The first weeks at ITU
(Written for the readIT magazine)
In this article I´ll try to convey some of my impressions of ITU from the perspective of a foreigner. I´m aware that it is always easier to criticize than to applaud (and usually more fun) so please take this text with a grain of salt.
So far, so good
So far the IT University has lived up to my expectations. The courses are engaging, the teachers professional and my fellow students are ambitious and interesting. I was especially impressed with the introduction week, which I thought was very well organized and the test projects we were given were stimulating and fun - and a good warm up for the group work that since has followed. (The introductions I´m more used to from my previous studies went something like "welcome to your new school, now you figure it out".)
Friday Bar (without food)
The Friday bar is simply a brilliant concept and has quickly become the cornerstone of my social life in the new country. Some of my Danish colleagues complain the bar locale isn´t "hyggelig" enough, but since I tend to focus more on my beer and the conversations (these being mostly in Danish I really have to concentrate) the surroundings haven´t bothered me. I think the bar would really make a killing (figuratively speaking of course) if it offered some sandwiches or pizza slices, since there actually seems to be a limit on how long you can survive on beer and peanuts without grave consequences.
I´m still waiting to see any interesting uses for the green and red blink boxes in the atrium. So far their only purpose seems to be to fascinate newcomers for about two minutes and to distract and annoy all students trying to actually work on the prison-style balconies. I suspect that somewhere there is some brilliant artwork just waiting to enrich our lives in green and red so I´ll wait patiently. The green ones have recently started spelling out text comments, but the red ones keep on madly blinking in a tempo more suitable to a disco than a work place.
Greasy Dwarf Fingers
Another thing I´m also waiting for is for Facilities Management to catch the Danish house dwarfs that seem to roam the premises at night. For some reason all the computer monitors are covered in very annoying fingerprints. I have to assume the monitors are regularly and thoroughly cleaned and since persons studying for their masters or PhD must know better than to touch monitors with greasy fingers, the only logical explanation has to be that some kind of Danish house dwarfs run around at night and smear up the monitors. (For the record I´d like to state that although Icelanders are widely known to believe in elves, that generally does not include dwarfs -- they are more of a continental phenomenon.)
The Trouble of Troubled Computers
Attached to the smudgy monitors you can often find a non-operational computer. The most popular symptom seems to be some variant of the "unable to load your profile" epidemic that somehow tends to spread from one computer to the next. As a result you often find yourself sitting down at several computers in a row, trying to log in without any success. If you persist and finally find a computer that is able to locate your profile, you can then observe student after student repeating your attempts with similar results. In an ideal world I assume all these problems would be immediately reported to SysAdm, but in order to be able to send them an e-mail you first have to log in. Thus, instead of noting the numbers of the troubled computers on a piece of paper and then e-mail a detailed error report from a working computer, most students (myself included) tend to consider this a NRMP (Not Really My Problem) or simply curse in our native language and give up.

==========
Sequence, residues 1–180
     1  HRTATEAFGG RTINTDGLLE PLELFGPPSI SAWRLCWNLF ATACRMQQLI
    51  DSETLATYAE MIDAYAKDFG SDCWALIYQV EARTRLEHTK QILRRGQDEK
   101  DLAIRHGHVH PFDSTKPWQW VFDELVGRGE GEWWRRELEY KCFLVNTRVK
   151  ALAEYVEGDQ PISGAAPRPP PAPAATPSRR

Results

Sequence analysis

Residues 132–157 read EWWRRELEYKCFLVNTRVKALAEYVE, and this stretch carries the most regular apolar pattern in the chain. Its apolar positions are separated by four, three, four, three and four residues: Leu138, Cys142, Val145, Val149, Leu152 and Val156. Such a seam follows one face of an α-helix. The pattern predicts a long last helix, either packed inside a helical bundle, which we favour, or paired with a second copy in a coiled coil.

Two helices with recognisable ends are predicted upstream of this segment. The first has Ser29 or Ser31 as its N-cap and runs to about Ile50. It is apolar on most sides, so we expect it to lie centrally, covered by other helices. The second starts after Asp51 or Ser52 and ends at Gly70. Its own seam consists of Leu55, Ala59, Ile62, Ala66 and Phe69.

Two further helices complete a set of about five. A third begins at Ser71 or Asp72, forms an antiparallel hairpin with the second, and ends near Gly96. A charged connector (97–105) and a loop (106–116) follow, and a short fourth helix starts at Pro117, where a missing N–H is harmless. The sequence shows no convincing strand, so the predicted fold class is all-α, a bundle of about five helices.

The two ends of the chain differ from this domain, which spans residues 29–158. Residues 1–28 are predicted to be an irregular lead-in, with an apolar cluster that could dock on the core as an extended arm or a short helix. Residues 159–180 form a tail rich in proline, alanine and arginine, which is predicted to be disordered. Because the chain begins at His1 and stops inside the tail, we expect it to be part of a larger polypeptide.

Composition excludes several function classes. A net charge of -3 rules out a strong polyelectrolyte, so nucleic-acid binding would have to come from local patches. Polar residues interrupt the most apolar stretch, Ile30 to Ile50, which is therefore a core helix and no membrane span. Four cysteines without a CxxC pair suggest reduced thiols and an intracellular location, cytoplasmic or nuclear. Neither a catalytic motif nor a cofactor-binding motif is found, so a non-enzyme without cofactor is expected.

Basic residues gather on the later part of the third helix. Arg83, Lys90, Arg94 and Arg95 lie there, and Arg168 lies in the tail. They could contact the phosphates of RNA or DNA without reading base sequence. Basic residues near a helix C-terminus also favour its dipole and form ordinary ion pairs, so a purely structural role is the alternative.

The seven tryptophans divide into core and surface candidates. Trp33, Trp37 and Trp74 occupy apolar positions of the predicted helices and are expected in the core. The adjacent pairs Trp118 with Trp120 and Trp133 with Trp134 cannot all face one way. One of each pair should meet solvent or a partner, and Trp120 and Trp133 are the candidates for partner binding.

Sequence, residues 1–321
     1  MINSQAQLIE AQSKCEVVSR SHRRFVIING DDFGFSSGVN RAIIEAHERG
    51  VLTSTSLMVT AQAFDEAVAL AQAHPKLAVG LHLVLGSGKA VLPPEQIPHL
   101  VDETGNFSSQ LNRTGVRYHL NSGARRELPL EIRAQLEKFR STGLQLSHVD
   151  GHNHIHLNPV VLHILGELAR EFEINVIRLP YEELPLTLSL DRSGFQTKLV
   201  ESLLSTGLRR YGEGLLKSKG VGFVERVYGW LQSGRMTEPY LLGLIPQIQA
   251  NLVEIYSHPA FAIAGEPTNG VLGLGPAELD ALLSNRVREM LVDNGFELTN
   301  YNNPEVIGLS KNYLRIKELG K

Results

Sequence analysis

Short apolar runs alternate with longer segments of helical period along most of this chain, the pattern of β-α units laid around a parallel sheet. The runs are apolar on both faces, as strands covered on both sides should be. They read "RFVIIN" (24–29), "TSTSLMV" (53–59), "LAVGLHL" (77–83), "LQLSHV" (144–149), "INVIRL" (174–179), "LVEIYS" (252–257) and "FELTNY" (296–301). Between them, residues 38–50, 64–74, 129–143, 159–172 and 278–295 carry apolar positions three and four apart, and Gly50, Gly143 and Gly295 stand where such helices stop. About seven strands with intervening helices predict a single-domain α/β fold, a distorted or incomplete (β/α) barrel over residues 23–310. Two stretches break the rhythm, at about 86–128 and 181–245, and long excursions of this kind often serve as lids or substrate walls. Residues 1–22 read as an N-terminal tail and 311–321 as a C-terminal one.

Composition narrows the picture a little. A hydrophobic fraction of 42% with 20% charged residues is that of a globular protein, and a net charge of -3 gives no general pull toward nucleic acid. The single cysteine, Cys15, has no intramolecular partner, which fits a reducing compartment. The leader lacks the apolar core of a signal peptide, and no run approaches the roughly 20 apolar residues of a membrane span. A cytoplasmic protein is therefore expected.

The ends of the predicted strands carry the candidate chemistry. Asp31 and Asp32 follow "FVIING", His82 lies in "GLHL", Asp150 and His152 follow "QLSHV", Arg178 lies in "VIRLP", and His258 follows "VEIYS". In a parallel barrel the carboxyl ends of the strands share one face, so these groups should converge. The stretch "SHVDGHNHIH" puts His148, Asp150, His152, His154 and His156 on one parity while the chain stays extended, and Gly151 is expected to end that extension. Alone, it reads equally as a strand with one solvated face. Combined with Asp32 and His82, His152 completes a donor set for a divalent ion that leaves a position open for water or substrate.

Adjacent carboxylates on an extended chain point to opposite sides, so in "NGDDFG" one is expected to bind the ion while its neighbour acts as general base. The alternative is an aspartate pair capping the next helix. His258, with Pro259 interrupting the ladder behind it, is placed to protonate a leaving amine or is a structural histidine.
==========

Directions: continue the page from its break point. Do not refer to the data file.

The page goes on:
As we Icelanders are generally believed to be a friendly and peace-loving nation I´m going to resist the temptation to describe my suggestions of corporal punishment to those who lock the computers and then leave. Besides, such a description might get me in trouble with the police.
Flushing in the study room
One of the things that have surprised me in the past weeks is the fact that the study room on the first floor usually is almost empty (which of course suits the few of us that use it just fine). A part of the explanation might be that some students don´t seem to be aware of the fact that there is a 1st floor in the building, let alone a study room. Another part might be a really annoying design fault that irritates everyone trying to concentrate on studying in the room.
Among the numerous pipes and cables visible up in the ultra-techno ceiling are the sewer pipes from the toilets above. Although aluminium foil might give these pipes some techno-aesthetic quality it is a totally useless noise isolation. Every time a toilet is flushed on the 2nd floor everyone in the study room hears it loud and clear and I´d go so far as to say that everyone also has a pretty good guess what sort of ... substance is being flushed. Soundproofing this shouldn´t be that hard, and I encourage someone from Facilities Management to try spending a few minutes in the study room and enjoy the acoustic experience.
To summarize I´m very pleased with my decision to come and study at ITU. These first weeks have gone better than expected and although there are many things one can criticize in the new building, I find it a stimulating place to work. I´m looking forward to the next two years in an exciting environment with even more interesting people.